Given this value at risk, it’s promising that 71% of respondents say companies should proactively and regularly engage with government, but it’s less encouraging that only 43% say their companies actually do so.

Some of the reasons for the relative lack of engagement may be executives’ own views of government. More than 75% agree that business must be actively involved in shaping government policy to succeed and that it’s beneficial for companies to be as transparent as possible with government, but large shares also express frustration with government along various dimensions.

When companies do engage with government, executives indicate they’re not particularly good at it. Engaging with the governments of their companies’ primary-market countries is a top-three priority for only 30% of CEOs—although the figure rises to nearly 60% in China. More are involved in overseeing their companies’ efforts to engage: almost two-thirds of respondents say their CEOs either sponsor those efforts personally or oversee the group that does so.

Romanian readers may find usefull the following resource on the subject of lobbying:

According to McKinsey, the survey received responses from 1,167 executives representing the full range of industries, regions, and functional specialties.

Detailed survey results may be found on McKinsey Quarterly:

Who benefits of lobbying self regulation?

Romanian readers may find useful the following resource on the subject of lobbying:

Commissioner Siim Kallas announced considers as a great success the fact that 2,100 lobbyists voluntarily registered themselves in the EC’s “Register of interest groups”. Is this the case?

A possible answer as well as an analysis of what lobbyists self regulation may bring to improving transparency in Romania can be found in an article I wrote for Forbes Romania (available in Romanian only):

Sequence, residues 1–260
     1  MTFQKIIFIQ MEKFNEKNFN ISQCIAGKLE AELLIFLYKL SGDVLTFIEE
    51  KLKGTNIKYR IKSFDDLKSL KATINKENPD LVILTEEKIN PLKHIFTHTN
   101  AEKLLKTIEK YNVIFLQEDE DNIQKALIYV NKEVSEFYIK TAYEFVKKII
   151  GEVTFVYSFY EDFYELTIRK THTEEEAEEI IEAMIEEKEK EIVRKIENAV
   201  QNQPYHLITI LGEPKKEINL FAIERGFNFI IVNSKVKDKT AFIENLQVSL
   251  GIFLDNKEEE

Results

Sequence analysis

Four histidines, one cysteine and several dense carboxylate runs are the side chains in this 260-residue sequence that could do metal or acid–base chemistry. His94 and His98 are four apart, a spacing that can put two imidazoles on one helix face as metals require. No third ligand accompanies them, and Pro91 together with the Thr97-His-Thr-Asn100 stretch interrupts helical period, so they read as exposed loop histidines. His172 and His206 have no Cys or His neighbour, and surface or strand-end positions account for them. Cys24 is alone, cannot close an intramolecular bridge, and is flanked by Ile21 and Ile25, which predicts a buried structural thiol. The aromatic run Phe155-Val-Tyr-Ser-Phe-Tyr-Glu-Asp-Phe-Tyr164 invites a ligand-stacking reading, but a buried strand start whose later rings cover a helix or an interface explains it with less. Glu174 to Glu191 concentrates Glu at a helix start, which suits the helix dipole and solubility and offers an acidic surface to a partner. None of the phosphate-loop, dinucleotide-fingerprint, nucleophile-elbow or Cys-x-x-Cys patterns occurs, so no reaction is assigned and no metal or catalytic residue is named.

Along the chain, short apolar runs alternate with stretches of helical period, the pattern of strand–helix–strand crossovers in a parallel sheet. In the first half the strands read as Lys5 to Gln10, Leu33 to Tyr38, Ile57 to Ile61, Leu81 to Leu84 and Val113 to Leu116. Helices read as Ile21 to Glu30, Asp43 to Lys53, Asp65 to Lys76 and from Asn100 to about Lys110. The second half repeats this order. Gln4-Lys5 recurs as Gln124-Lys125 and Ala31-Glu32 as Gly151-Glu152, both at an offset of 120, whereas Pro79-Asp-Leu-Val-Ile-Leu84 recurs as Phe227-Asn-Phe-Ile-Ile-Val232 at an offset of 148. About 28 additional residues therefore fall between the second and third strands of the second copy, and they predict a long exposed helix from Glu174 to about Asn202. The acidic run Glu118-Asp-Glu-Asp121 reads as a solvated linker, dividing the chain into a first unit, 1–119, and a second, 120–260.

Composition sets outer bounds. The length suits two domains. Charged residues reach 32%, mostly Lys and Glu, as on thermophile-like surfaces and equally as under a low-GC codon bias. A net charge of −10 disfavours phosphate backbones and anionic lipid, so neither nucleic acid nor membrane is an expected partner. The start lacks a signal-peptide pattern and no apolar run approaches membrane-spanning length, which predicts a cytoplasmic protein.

“Who benefits of lobbying self regulation?”, Forbes Romania No. 20, 14-27 December 2009

Forbes: Demystifying lobbying, a required amendment for a moral injustice

Romanian readers may find useful the following resource on the subject of lobbying:

Forbes Romania published one of my articles on lobbying. Following the results of Rywin’s case in Poland, I focused on stating the difference between lobbying and traffic of influence and the necessity of lobby regulation in Romania.

You may read the article, in Romanian, in PDF format:
“Demystifying lobbying, a required amendment for a moral injustice”, Forbes Romania, No. 18, 16-28 November 2009

The first book on lobbying in Romania at Gaudeamus International Book Fair

Between November 24-29, 2009 you may find the first book on lobbying in Romania at the International Book Faird “Gaudeamus” held at Romexpo Exhibition Center, Bucharest.

You may find more details (in Romanian) at:

Book launching: “Lobby regulation. Inside the antechambre of influence”

C.H. Beck Publishing has the pleasure to invite you on November 11, 2009 to the launching event of the book “Lobby regulation. Inside the antechambre of influence” written by Liviu Mihaileanu and Aurelian Horja. The event will take place at the Law Faculty of Bucharest University (36-46 Kogalniceanu Blvd., Bucharest).

Besides defining the lobby activities and presenting lobbying tactics and tools, the book clarifies aspects such as the difference between lobby and trafic of influence and makes a comparative analysis of lobby regulation in USA, the European Union and EU member states.

For more information, please visit: